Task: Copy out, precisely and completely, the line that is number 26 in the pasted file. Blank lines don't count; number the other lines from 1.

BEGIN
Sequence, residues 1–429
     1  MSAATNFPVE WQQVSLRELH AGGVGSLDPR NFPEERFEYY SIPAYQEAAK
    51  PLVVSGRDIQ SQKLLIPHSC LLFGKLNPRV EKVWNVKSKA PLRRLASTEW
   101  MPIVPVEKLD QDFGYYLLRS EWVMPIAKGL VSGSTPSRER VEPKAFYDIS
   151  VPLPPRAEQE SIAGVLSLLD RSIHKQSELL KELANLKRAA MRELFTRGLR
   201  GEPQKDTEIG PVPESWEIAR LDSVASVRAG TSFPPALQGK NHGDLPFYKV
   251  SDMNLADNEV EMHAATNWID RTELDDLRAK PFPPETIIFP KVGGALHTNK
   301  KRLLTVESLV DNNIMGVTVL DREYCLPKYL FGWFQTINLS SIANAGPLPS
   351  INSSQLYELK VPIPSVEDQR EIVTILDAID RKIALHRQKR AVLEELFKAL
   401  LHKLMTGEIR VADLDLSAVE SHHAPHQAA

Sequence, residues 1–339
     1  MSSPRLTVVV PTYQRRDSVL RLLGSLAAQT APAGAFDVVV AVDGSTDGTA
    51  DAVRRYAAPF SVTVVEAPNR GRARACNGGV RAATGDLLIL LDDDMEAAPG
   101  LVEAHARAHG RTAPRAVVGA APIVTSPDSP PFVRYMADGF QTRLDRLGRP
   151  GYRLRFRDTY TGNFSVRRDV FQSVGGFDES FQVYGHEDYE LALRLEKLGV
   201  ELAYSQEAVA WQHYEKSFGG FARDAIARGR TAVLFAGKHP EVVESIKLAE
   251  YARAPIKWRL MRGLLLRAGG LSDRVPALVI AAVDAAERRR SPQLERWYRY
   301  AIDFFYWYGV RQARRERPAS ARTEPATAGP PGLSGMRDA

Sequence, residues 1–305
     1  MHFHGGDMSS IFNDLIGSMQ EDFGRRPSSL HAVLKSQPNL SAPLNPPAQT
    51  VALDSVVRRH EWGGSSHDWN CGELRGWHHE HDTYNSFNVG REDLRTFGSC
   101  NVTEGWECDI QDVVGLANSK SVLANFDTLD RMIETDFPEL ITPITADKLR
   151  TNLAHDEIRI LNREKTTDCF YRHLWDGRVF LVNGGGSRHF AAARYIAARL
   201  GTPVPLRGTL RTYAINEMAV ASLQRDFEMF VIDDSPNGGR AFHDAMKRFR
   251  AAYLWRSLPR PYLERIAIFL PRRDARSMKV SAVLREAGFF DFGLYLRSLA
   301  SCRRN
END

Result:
   301  SCRRN